Center for Applied Mathematical Sciences Visit USC
USC Donrsife Homepage
Colloquia for the Spring 2015 Semester

Sylvester Gates
University of Maryland
Monday, January 26 KAP 414 3:30 PM - 4:30 PM
CAMS Distinguished Lecturer
How Attempting To Answer A Physics Question Led Me to Graph Theory, Error-Correcting Codes, Coxeter Algebras, and Algebraic Geometry

We discuss how a still unsolved problem in the representation theory of Superstring/M-Theory has led to the discovery of previously unsuspected connections between diverse topics in mathematics.


Wilfrid Gangbo
Georgia Tech
Monday, February 2 KAP 414 3:30 PM - 4:30 PM
Existence of a solution to an equation arising from Mean Field Games

We construct a small time strong solution to a nonlocal Hamilton–Jacobi equation introduced by Lions, the so-called master equation, originating from the theory of Mean Field Games. We discover a link between metric viscosity solutions to local Hamilton–Jacobi equations studied independently by Ambrosio–Feng and G–Swiech, and the master equation. As a consequence we recover the existence of solutions to the First Order Mean Field Games equations, first proved by Lions. We make a more rigorous connection between the master equation and the Mean Field Games equations. (This talk is based on a joint work with A. Swiech).


Jerome Goldstein
University of Memphis
Monday, February 9 KAP 414 3:30 PM - 4:30 PM
Energy asymptotics for dissipative waves

Topics include sharp results on equipartition of energy, overdamping, and asymptotic parabolicity. These are for linear waves, and these problems have a long history, the newest being asymptotic parabolicity, which was born in G I Taylor's 1922 paper. This is joint work with G. Reyes-Souto.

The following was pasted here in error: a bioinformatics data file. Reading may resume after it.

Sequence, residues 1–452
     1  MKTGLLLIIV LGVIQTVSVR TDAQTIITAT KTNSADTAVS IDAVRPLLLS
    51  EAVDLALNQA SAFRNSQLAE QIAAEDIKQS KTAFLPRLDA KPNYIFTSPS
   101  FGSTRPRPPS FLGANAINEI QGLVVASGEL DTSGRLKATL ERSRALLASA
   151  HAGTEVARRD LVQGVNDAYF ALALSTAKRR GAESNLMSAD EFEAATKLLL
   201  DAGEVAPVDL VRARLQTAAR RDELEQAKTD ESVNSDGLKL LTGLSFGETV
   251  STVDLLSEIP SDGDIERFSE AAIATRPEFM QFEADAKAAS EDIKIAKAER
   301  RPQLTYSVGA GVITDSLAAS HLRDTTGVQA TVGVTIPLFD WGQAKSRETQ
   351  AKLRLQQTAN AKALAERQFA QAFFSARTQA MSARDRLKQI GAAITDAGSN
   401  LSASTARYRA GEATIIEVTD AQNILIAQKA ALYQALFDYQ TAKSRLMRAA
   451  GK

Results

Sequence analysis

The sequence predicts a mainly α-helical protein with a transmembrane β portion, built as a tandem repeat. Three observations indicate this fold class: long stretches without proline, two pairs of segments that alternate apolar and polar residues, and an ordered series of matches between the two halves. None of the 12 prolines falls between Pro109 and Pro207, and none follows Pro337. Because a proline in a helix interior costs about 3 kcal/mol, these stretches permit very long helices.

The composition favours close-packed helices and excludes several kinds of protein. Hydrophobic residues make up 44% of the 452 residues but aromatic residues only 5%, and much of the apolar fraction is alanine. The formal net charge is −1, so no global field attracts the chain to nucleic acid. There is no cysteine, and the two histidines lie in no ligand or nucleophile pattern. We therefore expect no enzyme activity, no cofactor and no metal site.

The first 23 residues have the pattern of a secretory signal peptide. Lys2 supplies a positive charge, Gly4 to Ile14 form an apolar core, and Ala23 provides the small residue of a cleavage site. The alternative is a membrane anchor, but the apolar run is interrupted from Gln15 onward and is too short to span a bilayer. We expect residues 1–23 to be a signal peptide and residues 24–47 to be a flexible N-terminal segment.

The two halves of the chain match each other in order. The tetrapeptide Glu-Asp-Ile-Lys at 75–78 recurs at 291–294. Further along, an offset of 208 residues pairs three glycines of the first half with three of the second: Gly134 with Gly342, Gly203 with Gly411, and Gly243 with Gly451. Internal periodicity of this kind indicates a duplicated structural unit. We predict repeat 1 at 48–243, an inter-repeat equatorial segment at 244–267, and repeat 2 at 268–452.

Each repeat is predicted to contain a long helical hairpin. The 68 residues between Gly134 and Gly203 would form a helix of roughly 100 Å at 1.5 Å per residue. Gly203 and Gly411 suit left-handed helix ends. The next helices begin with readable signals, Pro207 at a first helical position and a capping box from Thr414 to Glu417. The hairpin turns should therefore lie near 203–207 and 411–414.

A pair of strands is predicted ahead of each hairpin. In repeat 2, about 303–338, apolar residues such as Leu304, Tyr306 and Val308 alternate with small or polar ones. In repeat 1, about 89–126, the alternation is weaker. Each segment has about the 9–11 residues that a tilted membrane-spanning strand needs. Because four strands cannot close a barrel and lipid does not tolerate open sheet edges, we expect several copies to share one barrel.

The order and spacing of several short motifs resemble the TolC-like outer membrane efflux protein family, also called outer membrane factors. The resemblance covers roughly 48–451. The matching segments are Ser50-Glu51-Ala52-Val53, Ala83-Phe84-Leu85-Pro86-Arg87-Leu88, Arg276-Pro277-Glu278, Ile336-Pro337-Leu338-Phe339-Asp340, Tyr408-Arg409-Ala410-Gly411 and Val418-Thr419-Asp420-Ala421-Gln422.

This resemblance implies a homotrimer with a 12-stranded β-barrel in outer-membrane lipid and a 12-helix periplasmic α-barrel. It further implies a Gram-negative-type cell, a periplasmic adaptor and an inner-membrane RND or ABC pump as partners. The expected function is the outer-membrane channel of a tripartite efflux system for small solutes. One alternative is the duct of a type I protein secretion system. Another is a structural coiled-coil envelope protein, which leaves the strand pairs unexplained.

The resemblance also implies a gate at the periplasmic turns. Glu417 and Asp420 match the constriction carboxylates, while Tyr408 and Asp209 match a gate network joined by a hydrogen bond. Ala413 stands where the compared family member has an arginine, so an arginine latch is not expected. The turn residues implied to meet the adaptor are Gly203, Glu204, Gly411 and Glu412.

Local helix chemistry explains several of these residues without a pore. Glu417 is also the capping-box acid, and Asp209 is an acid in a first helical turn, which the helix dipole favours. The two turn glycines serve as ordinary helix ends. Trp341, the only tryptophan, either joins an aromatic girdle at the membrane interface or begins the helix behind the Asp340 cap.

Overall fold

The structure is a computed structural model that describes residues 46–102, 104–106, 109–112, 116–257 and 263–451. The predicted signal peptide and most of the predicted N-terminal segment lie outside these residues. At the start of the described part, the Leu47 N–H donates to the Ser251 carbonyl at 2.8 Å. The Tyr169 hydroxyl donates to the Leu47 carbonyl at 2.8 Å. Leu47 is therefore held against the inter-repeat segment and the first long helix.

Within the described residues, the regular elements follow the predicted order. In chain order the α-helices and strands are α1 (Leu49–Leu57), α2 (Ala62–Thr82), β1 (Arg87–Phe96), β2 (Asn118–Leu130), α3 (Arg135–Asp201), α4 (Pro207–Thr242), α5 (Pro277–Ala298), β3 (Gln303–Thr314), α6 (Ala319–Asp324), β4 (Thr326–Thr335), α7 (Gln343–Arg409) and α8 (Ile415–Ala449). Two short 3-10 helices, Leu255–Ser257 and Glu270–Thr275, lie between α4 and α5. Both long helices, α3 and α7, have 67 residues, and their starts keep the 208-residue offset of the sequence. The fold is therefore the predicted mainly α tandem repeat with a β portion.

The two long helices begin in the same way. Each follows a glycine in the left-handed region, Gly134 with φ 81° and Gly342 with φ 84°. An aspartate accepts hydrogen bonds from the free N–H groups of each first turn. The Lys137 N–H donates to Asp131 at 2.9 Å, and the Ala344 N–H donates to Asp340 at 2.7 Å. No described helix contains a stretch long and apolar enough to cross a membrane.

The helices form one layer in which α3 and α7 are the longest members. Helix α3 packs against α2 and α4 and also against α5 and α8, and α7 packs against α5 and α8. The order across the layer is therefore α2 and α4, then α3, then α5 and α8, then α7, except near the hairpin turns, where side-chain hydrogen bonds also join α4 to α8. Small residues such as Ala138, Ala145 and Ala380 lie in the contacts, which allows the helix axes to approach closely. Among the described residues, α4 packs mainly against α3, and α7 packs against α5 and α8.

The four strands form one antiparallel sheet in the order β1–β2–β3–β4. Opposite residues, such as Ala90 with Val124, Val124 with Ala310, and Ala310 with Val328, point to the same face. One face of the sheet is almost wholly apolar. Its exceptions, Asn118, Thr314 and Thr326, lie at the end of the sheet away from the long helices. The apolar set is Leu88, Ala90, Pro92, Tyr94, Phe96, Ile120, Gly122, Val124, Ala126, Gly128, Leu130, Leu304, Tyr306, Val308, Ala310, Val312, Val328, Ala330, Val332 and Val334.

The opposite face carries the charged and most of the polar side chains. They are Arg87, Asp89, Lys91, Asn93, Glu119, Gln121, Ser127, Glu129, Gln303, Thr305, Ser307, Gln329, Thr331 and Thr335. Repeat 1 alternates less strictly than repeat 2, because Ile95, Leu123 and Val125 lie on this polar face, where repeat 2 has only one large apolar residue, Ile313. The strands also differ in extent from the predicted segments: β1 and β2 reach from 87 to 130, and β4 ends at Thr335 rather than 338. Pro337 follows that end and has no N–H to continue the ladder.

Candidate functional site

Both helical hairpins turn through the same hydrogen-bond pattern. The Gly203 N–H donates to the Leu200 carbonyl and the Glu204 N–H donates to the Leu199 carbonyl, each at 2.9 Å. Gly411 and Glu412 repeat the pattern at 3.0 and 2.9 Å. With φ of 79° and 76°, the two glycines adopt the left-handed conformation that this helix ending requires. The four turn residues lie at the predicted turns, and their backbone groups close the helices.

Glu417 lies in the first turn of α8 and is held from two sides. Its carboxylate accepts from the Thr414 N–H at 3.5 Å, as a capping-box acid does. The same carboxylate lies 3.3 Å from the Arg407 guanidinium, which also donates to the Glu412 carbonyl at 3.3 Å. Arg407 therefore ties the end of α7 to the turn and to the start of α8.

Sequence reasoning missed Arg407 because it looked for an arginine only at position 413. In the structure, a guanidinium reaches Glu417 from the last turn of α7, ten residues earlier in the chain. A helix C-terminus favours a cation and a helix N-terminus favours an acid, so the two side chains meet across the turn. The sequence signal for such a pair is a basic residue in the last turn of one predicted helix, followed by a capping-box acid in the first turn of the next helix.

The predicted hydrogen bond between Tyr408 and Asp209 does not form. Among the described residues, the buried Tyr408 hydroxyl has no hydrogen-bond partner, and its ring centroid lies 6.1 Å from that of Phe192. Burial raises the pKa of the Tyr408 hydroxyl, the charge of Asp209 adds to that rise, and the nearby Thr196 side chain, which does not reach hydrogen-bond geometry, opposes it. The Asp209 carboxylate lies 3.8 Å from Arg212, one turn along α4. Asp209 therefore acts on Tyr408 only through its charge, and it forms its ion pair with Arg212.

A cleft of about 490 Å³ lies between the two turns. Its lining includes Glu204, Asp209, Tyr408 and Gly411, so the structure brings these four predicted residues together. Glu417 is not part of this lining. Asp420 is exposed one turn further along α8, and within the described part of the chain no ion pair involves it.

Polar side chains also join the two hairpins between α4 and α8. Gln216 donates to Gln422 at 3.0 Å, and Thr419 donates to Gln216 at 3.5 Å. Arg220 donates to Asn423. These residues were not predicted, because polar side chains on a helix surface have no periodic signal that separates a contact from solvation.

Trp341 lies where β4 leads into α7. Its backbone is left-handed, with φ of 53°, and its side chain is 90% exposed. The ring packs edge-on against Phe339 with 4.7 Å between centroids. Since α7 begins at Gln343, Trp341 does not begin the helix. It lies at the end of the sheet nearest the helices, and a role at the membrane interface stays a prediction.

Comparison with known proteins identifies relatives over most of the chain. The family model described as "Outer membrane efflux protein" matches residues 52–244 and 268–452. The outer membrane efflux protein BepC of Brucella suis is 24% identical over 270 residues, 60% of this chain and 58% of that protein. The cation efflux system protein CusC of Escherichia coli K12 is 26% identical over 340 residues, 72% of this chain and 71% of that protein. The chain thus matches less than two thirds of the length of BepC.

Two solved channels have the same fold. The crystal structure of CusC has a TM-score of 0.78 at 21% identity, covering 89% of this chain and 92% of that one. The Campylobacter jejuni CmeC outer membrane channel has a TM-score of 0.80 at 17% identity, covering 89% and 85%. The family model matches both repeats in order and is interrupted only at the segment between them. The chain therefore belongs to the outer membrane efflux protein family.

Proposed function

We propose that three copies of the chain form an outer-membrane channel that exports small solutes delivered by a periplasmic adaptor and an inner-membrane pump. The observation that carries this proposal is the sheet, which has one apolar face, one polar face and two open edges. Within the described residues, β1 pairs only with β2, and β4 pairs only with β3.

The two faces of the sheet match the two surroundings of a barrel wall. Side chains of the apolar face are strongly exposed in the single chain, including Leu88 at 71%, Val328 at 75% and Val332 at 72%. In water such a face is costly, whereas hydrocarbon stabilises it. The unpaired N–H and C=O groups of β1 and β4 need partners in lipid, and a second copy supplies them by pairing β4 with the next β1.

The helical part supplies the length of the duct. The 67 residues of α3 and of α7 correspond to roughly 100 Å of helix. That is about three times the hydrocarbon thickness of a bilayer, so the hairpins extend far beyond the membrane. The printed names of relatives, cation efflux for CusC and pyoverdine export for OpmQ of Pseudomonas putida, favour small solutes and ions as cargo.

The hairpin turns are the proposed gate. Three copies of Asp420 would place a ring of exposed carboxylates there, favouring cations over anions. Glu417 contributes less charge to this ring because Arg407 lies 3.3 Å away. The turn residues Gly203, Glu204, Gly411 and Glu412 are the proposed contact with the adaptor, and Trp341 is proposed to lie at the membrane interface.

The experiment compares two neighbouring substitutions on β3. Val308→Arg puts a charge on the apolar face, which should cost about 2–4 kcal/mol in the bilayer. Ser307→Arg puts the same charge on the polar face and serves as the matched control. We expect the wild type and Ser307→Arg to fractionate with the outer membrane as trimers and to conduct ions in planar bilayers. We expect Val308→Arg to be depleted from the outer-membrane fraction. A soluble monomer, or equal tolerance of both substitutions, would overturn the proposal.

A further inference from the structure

Mickael Chekroun
UCLA
Monday, March 9 KAP 414 3:30 PM - 4:30 PM
Non-Markovian Reduced Equations for Stochastic PDEs

In this talk, a novel approach to deal with the parameterization problem of the “small" spatial scales by the “large" ones for stochastic partial differential equations (SPDEs) will be discussed. This approach relies on stochastic parameterizing manifolds (PMs) which are random manifolds aiming to provide — in a mean square sense — approximate parameterizations of the small scales by the large ones. Backward-forward systems will be introduced to give access to such PMs as pullback limits depending — through the nonlinear terms — on (approximations of) the time-history of the dynamics on the low modes. These auxiliary systems will be used for the effective derivation of non-Markovian reduced stochastic differential equations from Markovian SPDEs. The non-Markovian effects are here exogenous in the sense that they result from the interactions between the external driving noise and the nonlinear terms, given a projection of the dynamics onto the modes with low wavenumbers. It will be shown that these non-Markovian terms allow in certain circumstances to restore in a striking way the missing information due to the low-mode projection, namely to parameterize what is not observed. Noise-induced large excursions or noise-induced transitions will serve as illustrations.


Geoffrey Spedding
USC A&ME
Monday, March 23 KAP 414 3:30 PM - 4:30 PM
Wake Signature Detection